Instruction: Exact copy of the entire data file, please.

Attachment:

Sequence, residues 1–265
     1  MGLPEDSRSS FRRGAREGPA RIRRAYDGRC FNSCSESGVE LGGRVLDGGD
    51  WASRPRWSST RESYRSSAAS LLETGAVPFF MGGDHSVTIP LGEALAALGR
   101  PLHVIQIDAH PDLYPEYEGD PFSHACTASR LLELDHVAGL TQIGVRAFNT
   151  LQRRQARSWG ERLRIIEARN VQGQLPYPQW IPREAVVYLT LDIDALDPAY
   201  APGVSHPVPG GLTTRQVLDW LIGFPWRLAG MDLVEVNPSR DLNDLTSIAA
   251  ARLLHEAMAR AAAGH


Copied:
Sequence, residues 1–265
     1  MGLPEDSRSS FRRGAREGPA RIRRAYDGRC FNSCSESGVE LGGRVLDGGD
    51  WASRPRWSST RESYRSSAAS LLETGAVPFF MGGDHSVTIP LGEALAALGR
   101  PLHVIQIDAH PDLYPEYEGD PFSHACTASR LLELDHVAGL TQIGVRAFNT
   151  LQRRQARSWG ERLRIIEARN VQGQLPYPQW IPREAVVYLT LDIDALDPAY
   201  APGVSHPVPG GLTTRQVLDW LIGFPWRLAG MDLVEVNPSR DLNDLTSIAA
   251  ARLLHEAMAR AAAGH